INVOLVED IN THIS ARTICLE:

Mohammad Javad Azari Jahromi

Mohammad Javad Azari Jahromi

Javad Zarif

Javad Zarif

Mohammad Javad Mohammad Esmaeil

Mohammad Javad Mohammad Esmaeil

Mohsen Fakhrizadeh-Mahabadi

Mohsen Fakhrizadeh-Mahabadi

Germany said Friday that a new broader Iran nuclear accord must be reached to also rein in Tehran’s ballistic missile program, warning that the 2015 deal was no longer enough.

“A form of ‘nuclear agreement plus’ is needed, which also lies in our interest,” German Foreign Minister Heiko Maas, whose country currently holds the EU presidency, told Spiegel magazine in an interview.

“We have clear expectations for Iran: no nuclear weapons, but also no ballistic rocket program which threatens the whole region. Iran must also play another role in the region.”

“We need this accord because we distrust Iran,” he added.

The 2015 nuclear deal — known formally as the Joint Comprehensive Plan of Action, or JCPOA — gave Iran relief from sanctions in return for curbs on its nuclear program.

The European Union and the United States were key signatories in the deal but US President Donald Trump unilaterally withdrew from the accord in 2018 and has reimposed crippling sanctions on Tehran as part of a “maximum pressure” campaign.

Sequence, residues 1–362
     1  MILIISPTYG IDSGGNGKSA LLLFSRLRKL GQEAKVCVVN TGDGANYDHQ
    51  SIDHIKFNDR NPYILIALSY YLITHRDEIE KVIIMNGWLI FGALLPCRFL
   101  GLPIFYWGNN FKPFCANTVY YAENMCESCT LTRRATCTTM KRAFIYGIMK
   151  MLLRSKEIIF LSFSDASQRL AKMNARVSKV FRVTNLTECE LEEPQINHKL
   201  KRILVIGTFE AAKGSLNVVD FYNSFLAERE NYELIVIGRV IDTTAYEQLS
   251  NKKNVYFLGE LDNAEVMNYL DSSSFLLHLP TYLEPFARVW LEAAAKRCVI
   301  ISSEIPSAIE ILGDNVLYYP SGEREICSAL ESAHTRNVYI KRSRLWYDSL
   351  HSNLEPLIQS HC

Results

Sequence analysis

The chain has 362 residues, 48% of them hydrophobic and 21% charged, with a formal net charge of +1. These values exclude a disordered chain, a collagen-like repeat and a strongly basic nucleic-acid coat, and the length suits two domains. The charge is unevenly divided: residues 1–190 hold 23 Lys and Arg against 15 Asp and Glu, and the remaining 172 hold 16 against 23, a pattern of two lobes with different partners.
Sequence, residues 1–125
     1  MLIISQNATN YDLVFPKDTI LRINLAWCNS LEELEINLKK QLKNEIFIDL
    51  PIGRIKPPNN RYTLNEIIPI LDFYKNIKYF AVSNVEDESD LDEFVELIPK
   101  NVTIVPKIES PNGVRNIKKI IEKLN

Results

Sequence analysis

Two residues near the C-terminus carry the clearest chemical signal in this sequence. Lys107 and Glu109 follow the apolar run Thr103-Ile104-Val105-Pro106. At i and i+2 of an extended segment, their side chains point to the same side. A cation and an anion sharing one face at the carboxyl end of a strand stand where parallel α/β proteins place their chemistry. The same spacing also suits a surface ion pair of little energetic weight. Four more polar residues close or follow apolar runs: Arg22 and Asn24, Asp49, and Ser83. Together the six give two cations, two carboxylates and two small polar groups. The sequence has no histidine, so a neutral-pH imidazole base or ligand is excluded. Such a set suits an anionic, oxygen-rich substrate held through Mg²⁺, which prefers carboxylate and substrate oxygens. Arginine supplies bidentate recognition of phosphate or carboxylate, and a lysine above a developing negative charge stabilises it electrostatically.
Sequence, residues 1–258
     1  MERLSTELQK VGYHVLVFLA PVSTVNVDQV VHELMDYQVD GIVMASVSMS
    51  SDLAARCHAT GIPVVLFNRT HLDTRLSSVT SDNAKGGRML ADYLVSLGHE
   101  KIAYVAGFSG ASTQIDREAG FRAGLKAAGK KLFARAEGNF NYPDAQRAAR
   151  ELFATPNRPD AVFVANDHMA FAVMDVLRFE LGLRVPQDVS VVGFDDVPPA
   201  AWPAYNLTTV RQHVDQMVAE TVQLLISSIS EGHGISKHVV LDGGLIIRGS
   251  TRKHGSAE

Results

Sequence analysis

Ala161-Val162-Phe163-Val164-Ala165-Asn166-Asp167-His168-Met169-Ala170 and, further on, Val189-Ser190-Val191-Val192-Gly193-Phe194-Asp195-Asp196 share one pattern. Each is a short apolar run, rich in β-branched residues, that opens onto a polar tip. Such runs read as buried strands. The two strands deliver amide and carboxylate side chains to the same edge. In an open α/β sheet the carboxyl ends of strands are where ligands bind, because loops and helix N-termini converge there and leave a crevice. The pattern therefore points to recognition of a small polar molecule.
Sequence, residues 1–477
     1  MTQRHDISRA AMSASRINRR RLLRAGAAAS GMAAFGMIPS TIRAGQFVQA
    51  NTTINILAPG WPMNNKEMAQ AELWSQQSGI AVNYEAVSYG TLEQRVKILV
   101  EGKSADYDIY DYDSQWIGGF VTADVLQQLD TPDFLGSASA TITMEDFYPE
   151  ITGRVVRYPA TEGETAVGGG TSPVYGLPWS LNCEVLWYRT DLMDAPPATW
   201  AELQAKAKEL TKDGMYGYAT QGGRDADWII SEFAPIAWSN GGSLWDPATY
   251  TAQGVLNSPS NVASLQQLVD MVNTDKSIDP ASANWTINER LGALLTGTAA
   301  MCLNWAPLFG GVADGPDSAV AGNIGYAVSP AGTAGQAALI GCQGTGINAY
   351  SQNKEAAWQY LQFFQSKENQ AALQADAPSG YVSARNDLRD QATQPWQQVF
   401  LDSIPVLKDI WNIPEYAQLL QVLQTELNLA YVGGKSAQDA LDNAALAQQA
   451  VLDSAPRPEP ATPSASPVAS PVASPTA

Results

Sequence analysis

President-elect Joe Biden has signalled that Washington could rejoin the deal as a starting point for follow-on negotiations if Iran returned to compliance.

But Iran’s Foreign Minister Mohammad Javad Zarif has rejected talk of reopening the 2015 deal, saying on Thursday: “We will not renegotiate a deal which we negotiated.”

He added that Western powers should look to their own behavior before criticizing Iran.

He also complained at what he characterised as a lack of European outrage at the assassination of one of Iran’s leading nuclear scientists, Mohsen Fakhrizadeh, outside Tehran last week — an attack Tehran has blamed on Israel.
Decades old US-Iranian tensions dramatically escalated after Trump walked out of the deal.

In recent months, alarm has also grown over Iran’s regional activities through proxies in Lebanon, Iraq, Syria and Yemen, which the West says destabilizes the region.

Source » arabnews

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